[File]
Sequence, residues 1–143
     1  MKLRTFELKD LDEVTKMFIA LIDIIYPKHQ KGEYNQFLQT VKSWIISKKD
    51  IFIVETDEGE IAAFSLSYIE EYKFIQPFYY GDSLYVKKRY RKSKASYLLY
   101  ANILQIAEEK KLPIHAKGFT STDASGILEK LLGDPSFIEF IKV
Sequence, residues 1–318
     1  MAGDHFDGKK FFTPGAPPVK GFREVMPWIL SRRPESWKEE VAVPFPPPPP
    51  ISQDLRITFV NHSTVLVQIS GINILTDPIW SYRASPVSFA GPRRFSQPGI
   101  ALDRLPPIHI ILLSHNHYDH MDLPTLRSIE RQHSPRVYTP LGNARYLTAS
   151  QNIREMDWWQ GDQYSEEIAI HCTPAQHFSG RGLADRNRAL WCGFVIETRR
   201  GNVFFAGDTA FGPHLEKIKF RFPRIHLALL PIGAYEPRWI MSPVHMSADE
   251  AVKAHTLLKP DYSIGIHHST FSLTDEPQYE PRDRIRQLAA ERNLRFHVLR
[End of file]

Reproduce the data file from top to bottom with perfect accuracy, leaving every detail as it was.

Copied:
Sequence, residues 1–143
     1  MKLRTFELKD LDEVTKMFIA LIDIIYPKHQ KGEYNQFLQT VKSWIISKKD
    51  IFIVETDEGE IAAFSLSYIE EYKFIQPFYY GDSLYVKKRY RKSKASYLLY
   101  ANILQIAEEK KLPIHAKGFT STDASGILEK LLGDPSFIEF IKV
Sequence, residues 1–318
     1  MAGDHFDGKK FFTPGAPPVK GFREVMPWIL SRRPESWKEE VAVPFPPPPP
    51  ISQDLRITFV NHSTVLVQIS GINILTDPIW SYRASPVSFA GPRRFSQPGI
   101  ALDRLPPIHI ILLSHNHYDH MDLPTLRSIE RQHSPRVYTP LGNARYLTAS
   151  QNIREMDWWQ GDQYSEEIAI HCTPAQHFSG RGLADRNRAL WCGFVIETRR
   201  GNVFFAGDTA FGPHLEKIKF RFPRIHLALL PIGAYEPRWI MSPVHMSADE
   251  AVKAHTLLKP DYSIGIHHST FSLTDEPQYE PRDRIRQLAA ERNLRFHVLR